familial relations. Unfortunately, the Torres Islanders used a classificatory
system of kinship terms that made it hard for him to disentangle biological
relationships. Rivers adapted to this problem by developing a simple, systematic
way of classifying all kin according to their relationship to his informants, a
system that is still used today.
histories reveal age-related aspects of social life. As people go through life,
they take on different roles in society and in social institutions. Ethnographers
can understand how age affects typical social roles by recording multiple life
histories within a society.
combines ethnographic and cultural approaches to understanding how cultures
change through time. Ethnohistorical research is especially important in
studying nonliterate communities, where history is rarely recorded. (Even in
contexts with historical documents, life histories and archaeological data can
provide additional perspectives on the “official” history.)
appraisals, short-term ethnographic fieldwork (“parachute ethnography”), may be
required for highly specific questions or when funding cannot support year-round
1950s, American anthropologist Sol Tax advocated for action anthropology: research in which the
goal of a researcher’s involvement in a community is to help make social
change. Tax encouraged anthropologists to give voice to disenfranchised
communities and aid in collective problem-solving.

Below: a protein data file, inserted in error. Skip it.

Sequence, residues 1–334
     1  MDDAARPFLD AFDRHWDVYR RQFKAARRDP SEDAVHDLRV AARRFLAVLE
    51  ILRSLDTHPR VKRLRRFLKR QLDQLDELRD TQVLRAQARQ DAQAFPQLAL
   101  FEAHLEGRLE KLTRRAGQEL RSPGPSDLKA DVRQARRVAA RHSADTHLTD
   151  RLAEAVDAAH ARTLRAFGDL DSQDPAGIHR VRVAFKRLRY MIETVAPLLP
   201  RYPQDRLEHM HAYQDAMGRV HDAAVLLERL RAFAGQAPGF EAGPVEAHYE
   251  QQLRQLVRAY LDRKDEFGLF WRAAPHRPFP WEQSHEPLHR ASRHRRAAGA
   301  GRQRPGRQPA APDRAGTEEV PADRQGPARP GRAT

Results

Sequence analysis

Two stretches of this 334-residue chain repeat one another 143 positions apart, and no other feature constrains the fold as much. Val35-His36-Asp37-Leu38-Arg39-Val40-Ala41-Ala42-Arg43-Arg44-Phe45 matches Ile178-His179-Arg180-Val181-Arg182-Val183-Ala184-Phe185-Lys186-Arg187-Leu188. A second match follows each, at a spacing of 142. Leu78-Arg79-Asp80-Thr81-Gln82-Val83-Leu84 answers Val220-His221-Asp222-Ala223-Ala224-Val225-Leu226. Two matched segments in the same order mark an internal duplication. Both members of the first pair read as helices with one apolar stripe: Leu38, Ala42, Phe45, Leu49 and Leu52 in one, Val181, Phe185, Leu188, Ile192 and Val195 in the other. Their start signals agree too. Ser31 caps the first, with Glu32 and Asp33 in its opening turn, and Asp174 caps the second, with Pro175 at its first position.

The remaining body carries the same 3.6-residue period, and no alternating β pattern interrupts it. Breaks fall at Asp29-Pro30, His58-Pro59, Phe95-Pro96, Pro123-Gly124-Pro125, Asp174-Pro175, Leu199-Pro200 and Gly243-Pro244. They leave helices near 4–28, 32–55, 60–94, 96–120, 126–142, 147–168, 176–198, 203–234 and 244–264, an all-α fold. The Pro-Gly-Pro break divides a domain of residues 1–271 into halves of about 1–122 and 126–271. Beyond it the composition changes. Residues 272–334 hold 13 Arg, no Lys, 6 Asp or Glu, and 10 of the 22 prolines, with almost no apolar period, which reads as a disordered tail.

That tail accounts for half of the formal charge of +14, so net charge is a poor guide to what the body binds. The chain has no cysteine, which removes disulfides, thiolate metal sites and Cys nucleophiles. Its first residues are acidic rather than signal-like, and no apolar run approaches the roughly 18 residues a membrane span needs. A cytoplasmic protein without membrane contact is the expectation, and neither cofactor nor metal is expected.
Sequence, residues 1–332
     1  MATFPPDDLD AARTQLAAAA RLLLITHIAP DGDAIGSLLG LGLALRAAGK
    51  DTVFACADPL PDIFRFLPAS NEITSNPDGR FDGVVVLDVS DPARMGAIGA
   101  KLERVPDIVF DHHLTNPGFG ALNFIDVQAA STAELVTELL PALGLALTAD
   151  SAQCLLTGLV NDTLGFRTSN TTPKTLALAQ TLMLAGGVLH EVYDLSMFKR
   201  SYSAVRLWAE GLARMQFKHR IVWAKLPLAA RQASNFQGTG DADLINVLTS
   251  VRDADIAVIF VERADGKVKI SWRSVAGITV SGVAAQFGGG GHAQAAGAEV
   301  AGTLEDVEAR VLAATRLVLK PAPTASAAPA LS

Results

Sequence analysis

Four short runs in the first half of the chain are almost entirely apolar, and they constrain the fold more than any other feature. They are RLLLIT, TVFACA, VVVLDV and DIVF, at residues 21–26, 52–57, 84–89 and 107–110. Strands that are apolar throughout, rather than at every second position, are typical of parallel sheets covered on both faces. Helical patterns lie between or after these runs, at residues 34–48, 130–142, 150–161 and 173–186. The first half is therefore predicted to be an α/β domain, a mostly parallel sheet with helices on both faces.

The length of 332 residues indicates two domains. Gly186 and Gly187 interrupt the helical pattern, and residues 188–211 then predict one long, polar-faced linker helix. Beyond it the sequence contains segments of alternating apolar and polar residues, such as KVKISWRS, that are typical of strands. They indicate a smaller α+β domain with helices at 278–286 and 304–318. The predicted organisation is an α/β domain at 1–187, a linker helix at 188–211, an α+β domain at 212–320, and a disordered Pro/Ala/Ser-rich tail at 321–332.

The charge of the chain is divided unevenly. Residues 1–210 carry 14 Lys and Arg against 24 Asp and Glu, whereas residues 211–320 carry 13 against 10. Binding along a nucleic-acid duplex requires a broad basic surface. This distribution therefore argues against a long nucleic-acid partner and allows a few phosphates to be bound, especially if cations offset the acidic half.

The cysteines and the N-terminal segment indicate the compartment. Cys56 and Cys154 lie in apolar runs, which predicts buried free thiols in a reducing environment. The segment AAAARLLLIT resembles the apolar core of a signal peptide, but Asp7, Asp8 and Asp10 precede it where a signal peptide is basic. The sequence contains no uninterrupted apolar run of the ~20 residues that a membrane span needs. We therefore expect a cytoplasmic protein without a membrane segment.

some anthropologists use participatory action research: a research method in which the
research questions, data collection, and data analysis are defined through
collaboration between the researcher and the subjects of research. A major goal
is for the research subjects to develop the capacity to investigate and take
action on their primary political, economic, or social problems.
rapid appraisal may only provide opportunities for short-term fieldwork, sometimes
anthropologists are unable to travel to the field at all, owing to war or
political repression. In that event, anthropologists may choose to attempt
“anthropology at a distance” by interviewing informants from the study
community who have moved elsewhere.
example, during World War II, Ruth Benedict was unable to pursue field research
in Japan. She opted to interview Japanese expatriates in the United States and
published her research in Chrysanthemum and the Sword (1946).
important as firsthand fieldwork is to cultural anthropology, much can be
learned from secondary materials: any data that come from secondary sources such as a census,
regional survey, historical report, other researchers, and the like that are not
compiled by the field researcher.
materials must be read critically, with the author’s motivations and potential
biases taken into account.
stated at the opening of this chapter, modern anthropologists are as liable to
be working in their own cultures as in distant locations. Considering this,
what special challenges do anthropologists working in their own societies face?